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Topic - Tyler Clippard
Nats GM Mike Rizzo does not expect to run the decision by his players. What he might find if he asked, though, is a group that already has a pretty good idea of who they'd like to lead them.
In 60 1/3 innings this season, facing 230 batters, Clippard has allowed 28 total hits. He has walked 20, given up seven home runs and allowed 15 runs to score while he's been on the mound (13 earned runs, two inherited runners)
Since Opening Day, the moves the Nationals have made — largely due to poor performance — have slowly acknowledged their errors in expectations.
Starting, Steve McCatty said, "always has been the Cadillac job in the big leagues. Everyone wants to do it. That's where most of the glory is and, if you can be a good starter, that's what you want." But you can't always get what you want. Someone has to pitch in relief.
The best time to ask a clubhouse attendant to grab a couple of Big Macs from the McDonald's up South Capitol Street from Nationals Park is not when the clubhouse chef is within earshot. "Are you crazy?" Sultani remembered telling the attendant. "Do not go get him that burger."
"I met a guy today who had been through 49 surgeries," said Chad Tracy. "I've been through four of five myself, just to imagine a guy going through almost 50 surgeries, to see he was still a driven, confident, leader of a man really touched me."
Not much has changed for Washington Nationals shortstop Ian Desmond when it comes to a possible contract extension. The team is still open to discussing one with Desmond, and Desmond is still open to considering it.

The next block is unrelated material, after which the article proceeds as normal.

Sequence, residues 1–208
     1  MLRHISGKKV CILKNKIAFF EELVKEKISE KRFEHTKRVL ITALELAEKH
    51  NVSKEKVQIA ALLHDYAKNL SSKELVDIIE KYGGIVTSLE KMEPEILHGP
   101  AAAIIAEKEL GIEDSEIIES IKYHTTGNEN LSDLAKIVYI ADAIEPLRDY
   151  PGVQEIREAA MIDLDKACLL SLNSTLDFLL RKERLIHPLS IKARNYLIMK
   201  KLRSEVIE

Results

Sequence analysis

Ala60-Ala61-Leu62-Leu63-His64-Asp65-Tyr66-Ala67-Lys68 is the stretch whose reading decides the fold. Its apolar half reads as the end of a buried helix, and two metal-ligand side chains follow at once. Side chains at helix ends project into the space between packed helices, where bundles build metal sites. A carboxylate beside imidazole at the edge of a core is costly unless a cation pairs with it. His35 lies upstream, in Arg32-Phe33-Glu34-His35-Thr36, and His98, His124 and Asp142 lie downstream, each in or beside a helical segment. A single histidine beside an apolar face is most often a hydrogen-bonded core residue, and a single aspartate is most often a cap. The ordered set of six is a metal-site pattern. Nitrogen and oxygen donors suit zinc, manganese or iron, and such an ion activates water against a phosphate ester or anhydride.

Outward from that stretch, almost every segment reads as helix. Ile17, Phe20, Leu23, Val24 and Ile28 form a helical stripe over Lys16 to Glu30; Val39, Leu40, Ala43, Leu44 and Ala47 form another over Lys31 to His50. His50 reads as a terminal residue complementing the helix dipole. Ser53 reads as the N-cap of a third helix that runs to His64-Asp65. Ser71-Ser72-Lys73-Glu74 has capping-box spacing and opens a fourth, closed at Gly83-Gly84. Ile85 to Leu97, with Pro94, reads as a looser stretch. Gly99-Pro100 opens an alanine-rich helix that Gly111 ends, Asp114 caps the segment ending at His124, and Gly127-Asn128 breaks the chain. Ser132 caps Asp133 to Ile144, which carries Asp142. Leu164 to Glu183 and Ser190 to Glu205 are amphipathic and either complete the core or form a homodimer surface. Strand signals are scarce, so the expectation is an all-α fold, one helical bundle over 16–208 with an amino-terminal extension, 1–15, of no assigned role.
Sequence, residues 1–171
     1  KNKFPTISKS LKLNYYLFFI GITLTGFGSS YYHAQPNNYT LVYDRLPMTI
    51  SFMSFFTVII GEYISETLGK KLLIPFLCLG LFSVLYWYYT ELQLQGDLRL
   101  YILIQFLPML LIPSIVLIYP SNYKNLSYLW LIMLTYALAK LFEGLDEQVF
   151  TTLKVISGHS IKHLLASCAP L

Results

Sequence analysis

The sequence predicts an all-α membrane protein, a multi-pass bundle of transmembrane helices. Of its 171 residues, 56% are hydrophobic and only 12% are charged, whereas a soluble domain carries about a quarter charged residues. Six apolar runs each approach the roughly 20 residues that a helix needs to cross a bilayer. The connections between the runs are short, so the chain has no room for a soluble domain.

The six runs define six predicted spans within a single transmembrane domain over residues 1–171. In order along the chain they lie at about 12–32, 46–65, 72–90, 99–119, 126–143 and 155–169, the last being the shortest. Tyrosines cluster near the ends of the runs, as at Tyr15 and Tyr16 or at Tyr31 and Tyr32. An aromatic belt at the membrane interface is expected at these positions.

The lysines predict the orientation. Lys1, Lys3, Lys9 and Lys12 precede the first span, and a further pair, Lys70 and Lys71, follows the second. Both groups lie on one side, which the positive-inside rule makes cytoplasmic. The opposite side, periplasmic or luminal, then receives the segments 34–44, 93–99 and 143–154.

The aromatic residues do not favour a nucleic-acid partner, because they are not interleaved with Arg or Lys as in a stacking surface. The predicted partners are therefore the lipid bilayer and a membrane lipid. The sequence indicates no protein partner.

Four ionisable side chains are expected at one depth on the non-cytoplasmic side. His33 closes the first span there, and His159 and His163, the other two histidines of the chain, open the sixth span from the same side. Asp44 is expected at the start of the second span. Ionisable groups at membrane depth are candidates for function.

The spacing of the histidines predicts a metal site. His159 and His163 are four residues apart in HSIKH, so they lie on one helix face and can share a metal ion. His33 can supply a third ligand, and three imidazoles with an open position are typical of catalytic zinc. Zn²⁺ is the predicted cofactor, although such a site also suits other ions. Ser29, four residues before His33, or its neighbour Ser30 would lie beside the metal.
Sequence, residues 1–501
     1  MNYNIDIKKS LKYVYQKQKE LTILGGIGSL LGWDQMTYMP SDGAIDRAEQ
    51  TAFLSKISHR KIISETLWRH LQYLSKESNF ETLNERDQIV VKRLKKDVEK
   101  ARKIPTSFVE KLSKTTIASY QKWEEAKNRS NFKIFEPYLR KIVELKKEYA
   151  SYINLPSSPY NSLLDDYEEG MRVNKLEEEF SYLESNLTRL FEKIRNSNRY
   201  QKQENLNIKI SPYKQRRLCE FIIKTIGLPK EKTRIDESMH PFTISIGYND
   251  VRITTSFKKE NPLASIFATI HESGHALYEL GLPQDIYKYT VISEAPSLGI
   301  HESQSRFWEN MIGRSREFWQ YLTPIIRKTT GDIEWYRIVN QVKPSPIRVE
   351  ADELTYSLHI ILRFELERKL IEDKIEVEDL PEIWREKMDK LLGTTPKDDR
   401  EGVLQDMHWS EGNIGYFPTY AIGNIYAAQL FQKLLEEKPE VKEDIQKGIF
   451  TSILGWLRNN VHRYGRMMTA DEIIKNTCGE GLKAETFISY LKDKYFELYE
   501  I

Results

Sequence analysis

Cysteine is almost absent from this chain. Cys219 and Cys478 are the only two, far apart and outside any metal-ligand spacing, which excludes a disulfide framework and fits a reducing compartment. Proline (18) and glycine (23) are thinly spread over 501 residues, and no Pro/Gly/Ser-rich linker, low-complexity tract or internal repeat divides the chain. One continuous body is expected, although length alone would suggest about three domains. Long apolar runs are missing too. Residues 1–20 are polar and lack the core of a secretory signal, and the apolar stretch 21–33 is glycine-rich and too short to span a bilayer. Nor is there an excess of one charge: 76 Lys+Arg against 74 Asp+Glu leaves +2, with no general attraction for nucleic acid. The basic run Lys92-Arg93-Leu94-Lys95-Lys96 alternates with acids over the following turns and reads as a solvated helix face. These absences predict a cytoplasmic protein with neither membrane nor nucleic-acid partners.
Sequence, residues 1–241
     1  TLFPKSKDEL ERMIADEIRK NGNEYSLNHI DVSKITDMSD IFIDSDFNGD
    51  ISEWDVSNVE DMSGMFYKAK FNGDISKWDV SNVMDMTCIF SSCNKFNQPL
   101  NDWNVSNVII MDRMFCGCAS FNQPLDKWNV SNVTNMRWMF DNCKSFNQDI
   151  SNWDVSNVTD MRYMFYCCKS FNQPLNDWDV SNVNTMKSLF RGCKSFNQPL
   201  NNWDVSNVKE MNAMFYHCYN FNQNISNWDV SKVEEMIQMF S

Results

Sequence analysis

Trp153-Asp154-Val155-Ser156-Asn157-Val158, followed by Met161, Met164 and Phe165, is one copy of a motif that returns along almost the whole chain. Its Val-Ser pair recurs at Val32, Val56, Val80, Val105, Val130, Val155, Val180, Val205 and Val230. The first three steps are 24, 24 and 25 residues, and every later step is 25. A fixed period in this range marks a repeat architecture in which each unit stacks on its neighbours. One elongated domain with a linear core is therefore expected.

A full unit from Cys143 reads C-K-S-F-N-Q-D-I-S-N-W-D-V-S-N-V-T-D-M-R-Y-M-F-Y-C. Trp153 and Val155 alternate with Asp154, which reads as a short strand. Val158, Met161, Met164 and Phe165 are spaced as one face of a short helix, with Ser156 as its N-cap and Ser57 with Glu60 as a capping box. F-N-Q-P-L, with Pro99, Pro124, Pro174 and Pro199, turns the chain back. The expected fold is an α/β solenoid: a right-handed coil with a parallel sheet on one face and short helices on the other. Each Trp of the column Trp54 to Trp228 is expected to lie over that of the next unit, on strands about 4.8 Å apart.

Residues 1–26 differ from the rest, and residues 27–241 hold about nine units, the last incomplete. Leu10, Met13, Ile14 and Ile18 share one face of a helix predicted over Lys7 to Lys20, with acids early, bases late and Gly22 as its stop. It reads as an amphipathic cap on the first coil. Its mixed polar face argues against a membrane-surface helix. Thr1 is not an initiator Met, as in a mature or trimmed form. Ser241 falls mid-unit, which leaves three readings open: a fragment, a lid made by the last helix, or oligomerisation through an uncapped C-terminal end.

Harper homered in his first two at-bats to account for the only scoring and Strasburg pitched seven shutout innings as the defending NL East champs opened their 2013 campaign.
Talented but inconsistent Henry Rodriguez will be in the bullpen to open the season for the Washington Nationals. He can be maddening but it is still too early to give up on him.
White cinder block walls lead the way. Past the security guard in need of a cup of coffee just after 8 a.m. on a cool March morning. Through the makeshift clubhouse kitchen at Space Coast Stadium where three plug-in griddles serve up pancakes and eggs with toppings stored in plastic containers.
It didn't take Mattheus long to look around the Nationals' clubhouse this spring and realize that, of the relievers on the team's 40-man roster, there is precisely one who throws with his left hand: Zach Duke.
They'll report to Viera, Fla., in two more weeks and begin the process of finding their place on the 2013 incarnation of the Nationals, one in which they'll try to find space for three closers.
Until last week, the Washington Nationals were set to decamp next month to the master-planned communities and chain restaurants of Viera, Fla., for spring training with a startling absence of dramatics. Enter Rafael Soriano.
If there was one takeaway from Soriano's introduction, officially installing him in a bullpen that already contained two right-handers with significant closing experience in Drew Storen and Tyler Clippard, it was that closing games was precisely what he was brought here to do.
It was a cold fall night three months ago when the Nationals stood one strike away from the National League Championship Series. When they were forced to turn their eyes toward the future and, difficult as it may have been, see that it was still bright.
"Those kind of decisions are out of our hands," Clippard said. "Those are tough decisions to make, but at the end of the day, where our organization stands right now, we're going to be in a good spot going into next year, from a player standpoint."
"The only thing I ask of whoever makes the decisions on the managerial side of things is: Don't mess it up," said right-hander Tyler Clippard. "We've got a good thing going on here. Hopefully whoever comes in here next year realizes that, and the dynamic of the chemistry that we've built over the last two seasons is a very important thing."